Effective mentoring develops successful teammates and colleagues. Is mentoring in the corporate world different than mentoring NFL quarterbacks and different than mentoring a network marketing teammate? What do you think?
As an introduction, watch this excellent piece from ESPN on mentoring quarterbacks. All Pro NFL quarterbacks often succeed All Pro NFL quarterbacks. Yet, was Bret Favre into mentoring Aaron Rogers at the Green Bay Packers? Think about experiences you might have had in the corporate world – was your boss truly into mentoring you?
As you will see in this well done ESPN video, the starting quarterback really doesn’t want to be really successful at mentoring his understudy who may really want his job. Isn’t this often the same in the corporate world – the boss may feel threatened by the young upstart who is ambitious to succeed? This does happen even though the NFL team and the corporate team would be better off if the mentoring was done well.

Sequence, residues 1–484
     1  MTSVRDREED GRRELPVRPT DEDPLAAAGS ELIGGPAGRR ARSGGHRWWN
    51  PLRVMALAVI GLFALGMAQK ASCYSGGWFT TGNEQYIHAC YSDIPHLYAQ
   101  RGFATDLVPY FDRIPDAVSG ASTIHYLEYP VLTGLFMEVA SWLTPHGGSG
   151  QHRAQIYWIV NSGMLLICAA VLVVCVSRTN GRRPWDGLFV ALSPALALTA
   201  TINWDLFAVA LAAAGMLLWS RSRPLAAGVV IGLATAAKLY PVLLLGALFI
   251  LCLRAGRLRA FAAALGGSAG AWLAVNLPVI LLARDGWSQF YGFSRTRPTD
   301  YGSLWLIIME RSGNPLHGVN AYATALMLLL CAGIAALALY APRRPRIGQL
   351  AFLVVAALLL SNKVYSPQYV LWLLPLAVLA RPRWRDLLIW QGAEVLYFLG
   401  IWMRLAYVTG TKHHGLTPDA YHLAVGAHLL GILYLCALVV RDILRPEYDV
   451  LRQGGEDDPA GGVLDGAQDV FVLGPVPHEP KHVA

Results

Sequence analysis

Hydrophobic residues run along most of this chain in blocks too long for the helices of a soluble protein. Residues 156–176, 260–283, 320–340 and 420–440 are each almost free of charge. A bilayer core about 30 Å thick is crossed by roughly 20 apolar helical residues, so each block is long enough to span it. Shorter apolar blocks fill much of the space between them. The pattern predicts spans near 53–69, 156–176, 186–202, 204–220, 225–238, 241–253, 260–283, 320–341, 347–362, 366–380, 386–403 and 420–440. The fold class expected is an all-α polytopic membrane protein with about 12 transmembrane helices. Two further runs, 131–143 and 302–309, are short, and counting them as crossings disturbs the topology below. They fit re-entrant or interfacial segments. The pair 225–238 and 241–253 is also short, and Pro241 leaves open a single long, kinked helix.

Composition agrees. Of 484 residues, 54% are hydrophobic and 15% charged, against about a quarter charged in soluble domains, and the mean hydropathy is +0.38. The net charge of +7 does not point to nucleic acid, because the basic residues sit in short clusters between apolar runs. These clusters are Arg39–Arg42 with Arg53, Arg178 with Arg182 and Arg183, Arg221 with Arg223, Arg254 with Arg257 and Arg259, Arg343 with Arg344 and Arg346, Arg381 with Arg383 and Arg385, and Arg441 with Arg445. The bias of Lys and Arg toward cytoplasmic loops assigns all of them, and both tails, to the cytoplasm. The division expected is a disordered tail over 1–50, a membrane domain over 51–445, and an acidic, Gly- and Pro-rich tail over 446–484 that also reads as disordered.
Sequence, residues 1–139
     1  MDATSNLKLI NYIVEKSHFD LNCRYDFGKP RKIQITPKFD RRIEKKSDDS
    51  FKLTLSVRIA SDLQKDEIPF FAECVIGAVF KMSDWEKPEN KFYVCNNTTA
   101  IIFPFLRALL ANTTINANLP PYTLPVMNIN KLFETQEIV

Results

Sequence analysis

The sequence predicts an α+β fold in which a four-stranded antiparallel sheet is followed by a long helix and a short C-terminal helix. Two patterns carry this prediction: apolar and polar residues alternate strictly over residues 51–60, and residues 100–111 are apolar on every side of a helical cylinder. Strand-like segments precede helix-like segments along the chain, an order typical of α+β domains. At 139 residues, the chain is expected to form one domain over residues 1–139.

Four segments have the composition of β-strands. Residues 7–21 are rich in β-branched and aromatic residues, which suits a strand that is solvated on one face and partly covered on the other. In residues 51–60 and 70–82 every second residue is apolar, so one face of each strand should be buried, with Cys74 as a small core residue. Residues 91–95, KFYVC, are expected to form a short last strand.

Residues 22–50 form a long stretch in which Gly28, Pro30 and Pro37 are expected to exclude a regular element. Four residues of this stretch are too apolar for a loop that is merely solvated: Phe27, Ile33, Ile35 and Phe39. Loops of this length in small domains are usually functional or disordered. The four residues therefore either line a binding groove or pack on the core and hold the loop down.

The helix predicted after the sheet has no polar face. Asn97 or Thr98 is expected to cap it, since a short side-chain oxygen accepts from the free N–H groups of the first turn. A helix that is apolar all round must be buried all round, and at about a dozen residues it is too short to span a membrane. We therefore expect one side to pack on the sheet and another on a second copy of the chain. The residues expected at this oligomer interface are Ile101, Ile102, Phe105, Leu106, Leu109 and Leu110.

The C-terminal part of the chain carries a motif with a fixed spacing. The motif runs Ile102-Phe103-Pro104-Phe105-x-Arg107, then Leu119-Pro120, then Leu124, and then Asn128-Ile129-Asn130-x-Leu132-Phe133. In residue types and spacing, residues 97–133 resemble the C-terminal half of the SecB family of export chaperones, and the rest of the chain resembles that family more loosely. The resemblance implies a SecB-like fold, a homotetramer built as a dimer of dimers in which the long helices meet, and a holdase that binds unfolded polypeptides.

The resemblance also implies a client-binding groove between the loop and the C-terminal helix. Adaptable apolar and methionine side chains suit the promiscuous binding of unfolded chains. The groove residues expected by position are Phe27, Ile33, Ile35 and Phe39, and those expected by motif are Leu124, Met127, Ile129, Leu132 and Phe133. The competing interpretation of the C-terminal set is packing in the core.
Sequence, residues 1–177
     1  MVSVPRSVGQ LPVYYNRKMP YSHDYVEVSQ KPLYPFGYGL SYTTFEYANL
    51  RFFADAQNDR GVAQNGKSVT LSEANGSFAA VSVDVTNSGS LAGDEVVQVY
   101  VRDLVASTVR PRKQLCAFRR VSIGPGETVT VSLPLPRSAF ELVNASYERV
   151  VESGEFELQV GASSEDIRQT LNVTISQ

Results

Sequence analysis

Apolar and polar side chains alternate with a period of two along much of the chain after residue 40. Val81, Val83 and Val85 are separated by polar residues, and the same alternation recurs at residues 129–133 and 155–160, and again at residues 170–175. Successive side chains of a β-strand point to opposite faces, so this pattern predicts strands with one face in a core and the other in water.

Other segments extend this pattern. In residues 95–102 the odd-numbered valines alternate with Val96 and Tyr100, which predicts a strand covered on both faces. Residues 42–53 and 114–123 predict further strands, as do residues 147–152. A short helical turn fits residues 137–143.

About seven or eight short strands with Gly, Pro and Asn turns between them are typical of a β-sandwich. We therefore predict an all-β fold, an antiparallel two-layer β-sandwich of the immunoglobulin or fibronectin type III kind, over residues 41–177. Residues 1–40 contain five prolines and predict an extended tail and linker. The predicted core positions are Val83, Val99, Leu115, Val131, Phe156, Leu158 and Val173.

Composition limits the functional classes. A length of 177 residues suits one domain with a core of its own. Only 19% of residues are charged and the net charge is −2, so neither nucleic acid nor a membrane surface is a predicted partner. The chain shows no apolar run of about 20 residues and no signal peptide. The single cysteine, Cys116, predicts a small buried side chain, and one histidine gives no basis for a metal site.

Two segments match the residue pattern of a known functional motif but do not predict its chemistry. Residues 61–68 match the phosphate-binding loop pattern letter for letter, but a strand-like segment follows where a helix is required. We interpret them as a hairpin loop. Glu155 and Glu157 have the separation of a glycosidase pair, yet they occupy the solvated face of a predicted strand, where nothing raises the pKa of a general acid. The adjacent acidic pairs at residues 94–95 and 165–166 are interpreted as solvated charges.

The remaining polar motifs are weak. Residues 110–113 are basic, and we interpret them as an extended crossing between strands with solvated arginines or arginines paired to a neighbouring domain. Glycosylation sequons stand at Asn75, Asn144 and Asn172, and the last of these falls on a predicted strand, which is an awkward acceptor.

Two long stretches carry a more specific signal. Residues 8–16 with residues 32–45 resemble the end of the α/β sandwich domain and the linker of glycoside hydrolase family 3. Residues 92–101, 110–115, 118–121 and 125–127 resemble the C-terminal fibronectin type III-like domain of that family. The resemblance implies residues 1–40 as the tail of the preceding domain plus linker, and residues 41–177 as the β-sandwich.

Here are the characteristics of successful mentoring from the ESPN video:
- Team – a commitment to the success of the whole team.
- Relationship – Working to build a positive, open trusting relationship.
- Understanding – A sincere effort to understand the motivation, the strengths and weaknesses of the understudy.
- Savvy – Sharing the subtle nuances of what works and what doesn’t.
- Together – Developing the belief that TEAM means Together Excel Alone Mediocre.
So in the ESPN piece, TRUST is key to a win-win mentoring relationship. And TRUST is so often mssing, only with NFL quarterbacks, but also in the corporate world.
Now, take a look at the network marketing business model. The sponsor has a key mentoring relationship with the newly sponsored Associate because the only way the sponsor succeeds is for the new Associate to succeed. TRUST as outlined in the ESPN piece integral to the networking marketing business model and there is no success without it.
Network marketing is unique because it is a win-win business model.